In Part 1 of “How to Develop a Successful Knowledge Management Strategy” we discussed the goals organizations commonly have to create a KM strategy and the importance of starting with a study that reveals the current state of KM in the organization. This post outlines a process for developing a KM and Collaboration Strategy, a Portfolio of Solution Approaches, and an Implementation Plan.
The first step is to define a vision and set of strategic objectives, informed by the findings from the Phase 1 study of the “as-is” state of KM. This vision often is about why the organization wants to harness the power of better information sharing and collaboration, knowledge management, learning, and innovation. Each organization has a unique perspective about how this will enable it to deliver greater impact through enhanced decision making and organizational performance.
These strategic objectives can be discussed and formulated at a seminar with key stakeholders. Be sure to prepare for such a seminar and to inform the design and implementation of solution approaches by benchmarking and drawing on best practices based on data and a cumulative body of knowledge on what works, under what conditions, why, and how.
A key output from this seminar should be a high-level prioritized portfolio of projects (policies, processes, technology, and training) and solution approaches for addressing the Phase 1 issues and objectives.
DESIGN DELIVERY, GOVERNANCE, ACCOUNTABILITY AND INCENTIVE STRUCTURES
The next step is to design delivery, governance, accountability, and incentive structures for projects and approaches. We recommend that each project group involve at least one of the individuals who expressed the issue that the approach is supposed to address. To assist in the planning of each project, we have developed Project Implementation Templates to be used by the approach teams. Each section of the template has specific questions that should be answered about the project regarding goals, issues addressed, assumptions and risks, stakeholders, budget/resources, impact on existing processes/workflow, IT needed, performance metrics, training/learning, change management, dependencies with other projects, and others.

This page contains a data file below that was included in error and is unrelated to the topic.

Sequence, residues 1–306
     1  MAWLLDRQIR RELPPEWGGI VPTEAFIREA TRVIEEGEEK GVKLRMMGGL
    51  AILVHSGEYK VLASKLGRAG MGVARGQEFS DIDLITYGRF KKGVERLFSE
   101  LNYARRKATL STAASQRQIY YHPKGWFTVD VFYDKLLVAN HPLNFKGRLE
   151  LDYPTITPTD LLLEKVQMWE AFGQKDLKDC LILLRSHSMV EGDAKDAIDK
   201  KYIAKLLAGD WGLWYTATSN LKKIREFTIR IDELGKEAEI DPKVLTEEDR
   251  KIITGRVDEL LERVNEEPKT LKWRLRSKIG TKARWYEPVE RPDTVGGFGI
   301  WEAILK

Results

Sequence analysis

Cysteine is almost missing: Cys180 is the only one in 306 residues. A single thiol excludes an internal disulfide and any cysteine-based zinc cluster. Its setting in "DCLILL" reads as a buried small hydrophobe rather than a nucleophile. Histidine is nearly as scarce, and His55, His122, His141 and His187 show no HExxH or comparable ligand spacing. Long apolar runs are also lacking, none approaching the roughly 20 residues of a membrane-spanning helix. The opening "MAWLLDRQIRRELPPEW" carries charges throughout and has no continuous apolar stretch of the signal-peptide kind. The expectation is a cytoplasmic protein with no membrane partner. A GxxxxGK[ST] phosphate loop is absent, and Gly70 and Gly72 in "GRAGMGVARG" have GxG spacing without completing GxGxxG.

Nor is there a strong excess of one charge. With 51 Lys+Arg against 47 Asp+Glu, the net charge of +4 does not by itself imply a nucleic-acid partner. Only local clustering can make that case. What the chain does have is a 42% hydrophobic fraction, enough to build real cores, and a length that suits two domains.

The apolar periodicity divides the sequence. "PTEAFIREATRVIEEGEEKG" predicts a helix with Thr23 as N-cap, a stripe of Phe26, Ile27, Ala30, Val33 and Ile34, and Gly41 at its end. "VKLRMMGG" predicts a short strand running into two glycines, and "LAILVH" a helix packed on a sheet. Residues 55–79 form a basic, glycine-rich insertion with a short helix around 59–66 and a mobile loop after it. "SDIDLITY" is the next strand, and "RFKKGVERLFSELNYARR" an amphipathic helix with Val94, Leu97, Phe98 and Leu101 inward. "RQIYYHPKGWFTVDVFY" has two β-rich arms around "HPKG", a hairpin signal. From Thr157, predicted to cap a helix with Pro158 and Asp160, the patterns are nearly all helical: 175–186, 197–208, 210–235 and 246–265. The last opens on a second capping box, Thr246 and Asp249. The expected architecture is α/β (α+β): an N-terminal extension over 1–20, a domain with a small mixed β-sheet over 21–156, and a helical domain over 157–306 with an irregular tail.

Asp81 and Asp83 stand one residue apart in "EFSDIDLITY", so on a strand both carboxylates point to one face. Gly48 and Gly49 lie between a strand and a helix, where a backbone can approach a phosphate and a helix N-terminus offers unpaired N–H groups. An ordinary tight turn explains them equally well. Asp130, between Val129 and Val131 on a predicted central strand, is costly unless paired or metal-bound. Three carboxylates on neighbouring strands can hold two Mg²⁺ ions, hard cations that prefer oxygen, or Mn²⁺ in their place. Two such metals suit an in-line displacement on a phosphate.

IMPORTANT OTHER SECTIONS
The approaches make up a significant portion of your strategy, but there are equally important sections to prepare:
- Performance Metrics – Rigorously define the outcomes sought, the expected results, and the measures of success for the KM strategy.
- Evaluation – Determine, track, and report measures of performance for the selected solution approaches and projects. Define specific metrics, data-gathering methods, and reporting frequency.
- Risk Assessment – Identify and define mitigations for the key risks to successfully implementing the KM Strategy.
- Change Management – Develop a Change Management Plan that addresses executive leadership, change communication, and incentives needed to foster the desired new behaviors. Create business cases and get executive management approval for solutions.
- Training/Learning – Generate a Capacity Building Model for the organization. Specify required KM and collaboration competencies. Conduct job analyses to determine if there is a need for new roles or if the current workforce can absorb additional workload. Develop a Training & Learning program concept and learning solutions for managers and employees. Schedule training for relevant employees.
- Structures, Governance, and Management – Create a standard operations manual for the KM Office. Clarify the defined roles for the KM program officers, interactions between stakeholders, issues to be addressed, and the solutions (systems and operational behaviors) that knowledge, learning, and innovation policies are meant to foster.
Typical solutions we design include:
- Websites (e.g., learning centers)
- Processes for intelligence fusion centers and knowledge helpdesks
- Leadership training seminars
- Knowledge bases
- Expert networks
- Predictive analytic models
- Online collaboration systems
- Management notification protocols
- Glossaries (e.g., controlled vocabularies of KM-relevant terms)
- Job descriptions
- Training & Learning Programs
Once these key areas have been defined and gone through feedback loops with stakeholders and executive management, you are ready to begin implementation of your new KM Strategy.
In Part 3 of this series, we will discuss some of key elements that need to be present in order for your KM Strategy implementation to be successful.